If you embark upon a kitchen renovation, you may encounter a fork in the road.
Me, I had a fork in the marble, so to speak. Earlier this winter, I found lovely slabs at a Nashville stone yard. Lisa, my fabricator, reserved four--or so we thought. The saleslady forgot to tag them, and the very next day, someone snagged two slabs. Lisa went to the yard in person and reserved the remaining two. So far so good, right? Wrong.
This slab was earmarked for the long island. On the honed side--and I preferred honed for this kitchen--Lisa had discovered noticeable streaks and stains, possibly from the transportation straps. There was no way to cut around them.
Instant patina wasn't what I had in mind.
She flipped the slab to the polished side, It didn't have the huge pit, strap marks, or fissures, just normal fleabites and imperfections.
Since I hadn't counted on using the polished side--and Lisa would have to send the slabs away to be honed, risking more damage--it was a bit of a game changer. As I bent to examine the stone, Lisa pointed out a few fleabites. No biggie--I wouldn't mind them. She didn't like a filled-in area near the top, but, since it was at the tip-top, she could cut around it.
First, a little background. My island is very long and will have an overhang (eating area with counter stools). It had been a challenge to find a slab that was pretty and the right length (to avoid a seam).I'd been so relieved to find something I loved that was the right size--and in one trip to the stone yard.
Lisa said we had several options. I could reject the slabs and we'd find more. I could keep the slabs and use the polished sides. The slab that had a gigantic fissure could be used for the perimeter, but we'd have to work around the flaw. (Lisa explained that the fissures could break while they were cutting the stone, so they'd by-pass them, but it might be a challenge to find the prettiest spots to use. Me, I like movement. But the fissure was in charge of everything.)
While I was at the shop, we went over the template and discussed the best (prettiest) places to cut. There will be an over hang on the island, as I mentioned, so most of the pattern will show.
Lisa's fabricator, Jose, had also circled every ding and imperfection that he could find. Despite the issues, the slabs were so pretty. Magical and mesmerizing. And much whiter, for some reason. Just perfect for my kitchen-to-be.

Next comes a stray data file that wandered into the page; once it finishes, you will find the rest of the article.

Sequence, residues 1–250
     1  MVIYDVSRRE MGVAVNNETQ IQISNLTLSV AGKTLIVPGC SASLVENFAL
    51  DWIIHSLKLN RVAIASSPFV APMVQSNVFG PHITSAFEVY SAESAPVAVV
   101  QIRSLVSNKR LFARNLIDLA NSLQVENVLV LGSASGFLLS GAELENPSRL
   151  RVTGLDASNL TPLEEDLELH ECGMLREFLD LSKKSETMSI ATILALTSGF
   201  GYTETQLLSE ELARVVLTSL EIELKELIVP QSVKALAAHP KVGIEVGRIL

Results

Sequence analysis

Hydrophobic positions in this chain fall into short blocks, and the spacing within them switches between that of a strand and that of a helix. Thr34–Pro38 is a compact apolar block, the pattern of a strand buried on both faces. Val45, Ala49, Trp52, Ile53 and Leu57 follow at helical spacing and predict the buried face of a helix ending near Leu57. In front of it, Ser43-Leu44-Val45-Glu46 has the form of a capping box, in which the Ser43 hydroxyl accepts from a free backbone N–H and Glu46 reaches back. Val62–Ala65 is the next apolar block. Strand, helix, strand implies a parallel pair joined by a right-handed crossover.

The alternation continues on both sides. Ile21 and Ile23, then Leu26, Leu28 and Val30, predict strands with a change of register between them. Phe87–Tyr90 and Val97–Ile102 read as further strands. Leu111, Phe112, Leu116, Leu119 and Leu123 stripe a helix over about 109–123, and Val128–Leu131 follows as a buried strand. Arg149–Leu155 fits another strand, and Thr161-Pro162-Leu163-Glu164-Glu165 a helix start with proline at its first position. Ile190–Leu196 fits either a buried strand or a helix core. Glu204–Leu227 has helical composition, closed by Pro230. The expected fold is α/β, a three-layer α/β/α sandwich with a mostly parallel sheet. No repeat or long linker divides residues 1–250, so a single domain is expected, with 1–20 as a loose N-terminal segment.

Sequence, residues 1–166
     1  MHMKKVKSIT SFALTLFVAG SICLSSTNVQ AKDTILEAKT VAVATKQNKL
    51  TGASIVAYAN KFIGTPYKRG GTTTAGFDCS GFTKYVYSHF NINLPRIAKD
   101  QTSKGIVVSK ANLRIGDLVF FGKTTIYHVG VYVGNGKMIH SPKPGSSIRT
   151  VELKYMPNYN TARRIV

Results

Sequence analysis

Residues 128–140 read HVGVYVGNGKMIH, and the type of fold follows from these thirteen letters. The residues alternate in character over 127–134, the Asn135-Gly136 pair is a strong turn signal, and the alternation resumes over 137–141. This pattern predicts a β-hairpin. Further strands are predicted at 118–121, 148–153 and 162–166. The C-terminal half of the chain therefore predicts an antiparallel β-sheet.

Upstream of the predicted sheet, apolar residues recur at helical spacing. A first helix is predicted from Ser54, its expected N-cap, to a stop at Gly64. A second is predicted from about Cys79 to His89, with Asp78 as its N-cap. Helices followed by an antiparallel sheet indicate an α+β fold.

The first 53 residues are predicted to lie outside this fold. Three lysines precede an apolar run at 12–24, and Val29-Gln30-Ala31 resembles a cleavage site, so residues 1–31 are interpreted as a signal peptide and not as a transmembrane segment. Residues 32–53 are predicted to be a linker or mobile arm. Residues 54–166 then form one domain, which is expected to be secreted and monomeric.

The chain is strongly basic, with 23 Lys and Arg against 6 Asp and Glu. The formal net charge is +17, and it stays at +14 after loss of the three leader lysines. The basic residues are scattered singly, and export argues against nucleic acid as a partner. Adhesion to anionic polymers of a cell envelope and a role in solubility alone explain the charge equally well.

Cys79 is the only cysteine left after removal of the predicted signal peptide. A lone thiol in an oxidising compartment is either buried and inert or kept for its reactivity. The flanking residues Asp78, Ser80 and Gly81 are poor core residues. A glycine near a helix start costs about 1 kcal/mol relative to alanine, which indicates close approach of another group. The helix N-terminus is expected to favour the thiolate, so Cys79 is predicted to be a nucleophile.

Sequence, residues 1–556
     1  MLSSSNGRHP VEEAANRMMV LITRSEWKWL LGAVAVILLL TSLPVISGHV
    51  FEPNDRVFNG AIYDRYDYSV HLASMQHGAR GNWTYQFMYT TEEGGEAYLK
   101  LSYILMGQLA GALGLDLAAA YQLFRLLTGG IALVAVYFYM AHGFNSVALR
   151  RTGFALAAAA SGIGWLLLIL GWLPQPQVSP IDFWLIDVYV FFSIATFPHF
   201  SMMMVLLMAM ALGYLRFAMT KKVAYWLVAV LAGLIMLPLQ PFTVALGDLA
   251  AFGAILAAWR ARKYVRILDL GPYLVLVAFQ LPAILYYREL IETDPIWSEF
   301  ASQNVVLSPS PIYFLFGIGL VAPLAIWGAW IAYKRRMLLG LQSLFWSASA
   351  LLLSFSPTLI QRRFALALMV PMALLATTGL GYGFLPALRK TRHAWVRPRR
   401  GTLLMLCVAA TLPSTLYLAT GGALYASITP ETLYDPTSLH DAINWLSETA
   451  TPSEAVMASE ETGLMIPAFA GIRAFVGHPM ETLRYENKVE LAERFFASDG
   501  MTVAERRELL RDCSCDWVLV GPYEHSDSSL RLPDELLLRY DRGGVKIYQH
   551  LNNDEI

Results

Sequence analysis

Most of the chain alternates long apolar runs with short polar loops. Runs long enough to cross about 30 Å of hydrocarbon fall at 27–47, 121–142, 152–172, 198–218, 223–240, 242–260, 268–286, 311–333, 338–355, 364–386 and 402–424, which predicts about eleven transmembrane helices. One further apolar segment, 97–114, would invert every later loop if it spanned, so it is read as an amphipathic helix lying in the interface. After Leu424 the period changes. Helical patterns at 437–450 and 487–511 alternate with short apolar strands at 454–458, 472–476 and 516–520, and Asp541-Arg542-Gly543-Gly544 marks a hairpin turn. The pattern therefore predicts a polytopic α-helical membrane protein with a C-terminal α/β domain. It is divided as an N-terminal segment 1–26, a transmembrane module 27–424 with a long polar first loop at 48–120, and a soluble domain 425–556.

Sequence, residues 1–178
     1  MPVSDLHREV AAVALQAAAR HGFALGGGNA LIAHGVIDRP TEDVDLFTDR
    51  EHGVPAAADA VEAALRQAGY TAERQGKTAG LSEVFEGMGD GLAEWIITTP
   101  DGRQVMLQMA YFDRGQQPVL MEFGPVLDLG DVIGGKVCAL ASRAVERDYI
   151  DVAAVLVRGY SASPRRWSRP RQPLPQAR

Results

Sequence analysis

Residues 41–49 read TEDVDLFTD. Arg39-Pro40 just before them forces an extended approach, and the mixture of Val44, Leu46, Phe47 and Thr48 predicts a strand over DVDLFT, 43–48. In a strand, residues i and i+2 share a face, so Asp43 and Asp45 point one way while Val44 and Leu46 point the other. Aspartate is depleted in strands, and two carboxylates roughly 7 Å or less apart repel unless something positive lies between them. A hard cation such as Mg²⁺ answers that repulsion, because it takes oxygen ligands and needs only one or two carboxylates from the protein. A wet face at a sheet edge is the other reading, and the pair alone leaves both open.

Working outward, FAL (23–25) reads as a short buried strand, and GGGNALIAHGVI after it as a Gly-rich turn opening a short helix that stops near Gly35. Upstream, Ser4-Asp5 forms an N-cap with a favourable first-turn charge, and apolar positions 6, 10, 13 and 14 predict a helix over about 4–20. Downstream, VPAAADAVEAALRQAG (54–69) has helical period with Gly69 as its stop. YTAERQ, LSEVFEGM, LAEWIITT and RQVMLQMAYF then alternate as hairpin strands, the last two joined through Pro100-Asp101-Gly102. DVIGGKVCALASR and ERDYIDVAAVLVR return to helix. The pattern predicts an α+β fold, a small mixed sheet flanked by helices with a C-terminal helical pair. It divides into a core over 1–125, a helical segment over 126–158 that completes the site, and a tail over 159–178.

We turned to the other slab, the one with the ginormous fissure. While I was there, Lisa said we should go ahead and figure out which areas of the stone to use for the perimeter counter tops (so she'd have my input in case I decided to use these slabs).
We moved from slab to slab, working out different configurations. (Twice, I accidentally tripped Lisa with my cane. I was so embarrassed.)
Luckily, a smaller amount of marble will go on the perimeter. Below, on the dresser, we'll just have a strip, which can be cut from the top of the "island" slab. Or we could cut from the middle of the "fissured" slab.
Two smaller slabs will go on these counters. And, of course, slabs go on either side of the range.
The cabinet doors are full length, so I won't be setting anything on those counters.
While Medana and Lisa checked the layout, I went over my options.
I really loved this marble. But was it the smartest choice? I'd made my peace with the inevitable patina, so the fleabites did not bug me. I could keep the slabs, use the polished sides, and hope they worked with my traditional cabinets. I've always associated polished calacatta statuario with contemporary/modern kitchens, but maybe it will look nice with traditional, English-style cabinetry and a beadboard ceiling. Aesthetics aside, the large fissure was a bit of a problem. While I expected imperfections, I did not expect them to determine which parts of the marble we would use, affecting the overall "look" of the kitchen. (This can happen. I'm such a marble newbie.)
I had to prepare myself to let go of this marble and look for new slabs--possibly honed Danby, provided we could locate long slabs with nice movement. Meanwhile, Lisa is talking to the Nashville showroom, checking to see if the streaky strap marks can be removed, so we can use the honed sides.
As Mama says, you can't find everything you want in a man or a house--that goes for marble.
Still, I may have reached a fork in the road, due to a fork in the marble. I'm going to rest today and eat some chocolate, then I'll decide if my whole search will reboot, and I'll be on the hunt for another very long, honed slab of marble. Fingers crossed.
A black-painted interior door (an experiment)
Cedar shake decisions
The painters have arrived--and they have serious doubts about a few of my choices :-)
A laundry room makeover is planned
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